- the type and amount of precipitation
- the wind direction and speed
- the air pressure
- the temperature
Part II: The Changing Weather
8. Have students share what they already know about clouds. Ask:
- What do clouds look like?
- Do all clouds look the same?
- Can a cloud change shape?
- How do clouds affect the weather?
9. Show the Observe Clouds QuickTime Video. Ask:
- What did you see happen to the clouds?
- Why do you think the clouds changed shape?
- Why do you think the clouds moved?
10. Discuss how different clouds look and behave differently. If there are clouds in the sky, have students go outside and draw the different shapes and colors of the clouds that they see.
11. Remind students that clouds change shape over time but that it often requires patience to notice the changes. Distribute cardboard tubes to students and have them try to isolate an area of sky to watch cloud movements. This works best if students lie on their backs and point their tubes straight up towards the sky, holding as still as possible. Note: Caution students that it is dangerous to look directly at the Sun.
12. Show the images from the Cloud Types Flash Interactive and have students describe what they see. Have students match their drawings with the cloud types in the interactive. Students may like learning the names of the cloud types, but it is not necessary that they learn how to spell them.
13. Discuss how some clouds produce precipitation. Show the Observe Precipitation QuickTime Video and ask the following:
- What did you see in the video?
- What is the difference between rain, hail, and snow?
- Why do clouds sometimes make rain but sometimes make snow?
14. Discuss weather changes during the year. Show the Observe Water in Winter and Summer QuickTime Video and ask the following:
- What does this video show?
- Do we experience seasons where we live?
- How do the seasons differ from each other?
Part III: How Weather Affects Us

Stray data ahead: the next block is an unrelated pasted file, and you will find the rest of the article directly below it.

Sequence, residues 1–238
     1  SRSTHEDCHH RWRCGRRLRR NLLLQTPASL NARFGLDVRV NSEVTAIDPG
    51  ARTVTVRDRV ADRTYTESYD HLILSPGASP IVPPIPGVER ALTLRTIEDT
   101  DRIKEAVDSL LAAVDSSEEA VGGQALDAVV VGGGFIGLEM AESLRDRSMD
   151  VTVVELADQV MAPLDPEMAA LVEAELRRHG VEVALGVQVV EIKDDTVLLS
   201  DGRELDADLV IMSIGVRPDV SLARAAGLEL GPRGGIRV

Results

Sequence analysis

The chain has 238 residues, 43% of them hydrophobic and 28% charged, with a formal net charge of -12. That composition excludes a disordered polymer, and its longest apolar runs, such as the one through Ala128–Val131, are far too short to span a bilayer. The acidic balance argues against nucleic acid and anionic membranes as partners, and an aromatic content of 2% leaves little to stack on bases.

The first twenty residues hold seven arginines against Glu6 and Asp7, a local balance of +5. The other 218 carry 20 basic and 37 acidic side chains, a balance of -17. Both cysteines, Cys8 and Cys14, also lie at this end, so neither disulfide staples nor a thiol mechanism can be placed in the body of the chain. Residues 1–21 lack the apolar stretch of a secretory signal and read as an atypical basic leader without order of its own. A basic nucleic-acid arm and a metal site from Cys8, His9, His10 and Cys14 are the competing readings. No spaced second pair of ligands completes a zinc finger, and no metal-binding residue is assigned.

15. Discuss appropriate dress and activities based on the weather. Ask:
- How does the weather affect your life?
- What do you need to think about before going outside?
- Why do we need to adjust our clothes and activities daily?
- Are there any severe weather threats for the area where we live?
16. Explain that sometimes weather can be very dangerous. Ask students for examples of severe weather. Talk about the damaging effects of hurricanes, tornadoes, and blizzards. Show the Tornado Chaser Footage QuickTime Interactive. Note: Some children may find these videos upsetting. Reassure them by telling them that dangerous weather is a rare occurrence and explaining that certain types of storms only happen in particular areas.
17. Discuss the importance of weather prediction and how weather forecasts help people. Assign homework for students to watch the evening weather report and record the predicted conditions for tomorrow.
18. (Optional) Plan a walking field trip. Have the students watch the evening weather report to help plan appropriate clothing for an outdoor walk and picnic the next day. Remind them that they should do a personal weather observation before breakfast to make sure that the meteorologist's forecast was correct.
- Send home a letter to parents explaining the field trip.
- Use this checklist to see how thoroughly students prepared:
- What is the temperature today? Need coat/gloves/hat?
- Is it sunny? Need sunscreen/sunglasses/hat?
- Is there rain? Need umbrella/boots?
- Is there snow? Need snow pants/boots?
- Will your snack survive the weather?
Remember to have extra clothing and snacks available, especially if you live in an area where weather can change quickly.
Check for Understanding
Have students discuss the following:
- What does a meteorologist do?
- If you had only one instrument to measure weather, which one would you want it to be? Why?
- What is your favorite season? Why?
- How does weather affect people's lives?
The Digital Library for Earth System Education (www.dlese.org) offers access to additional resources on this topic.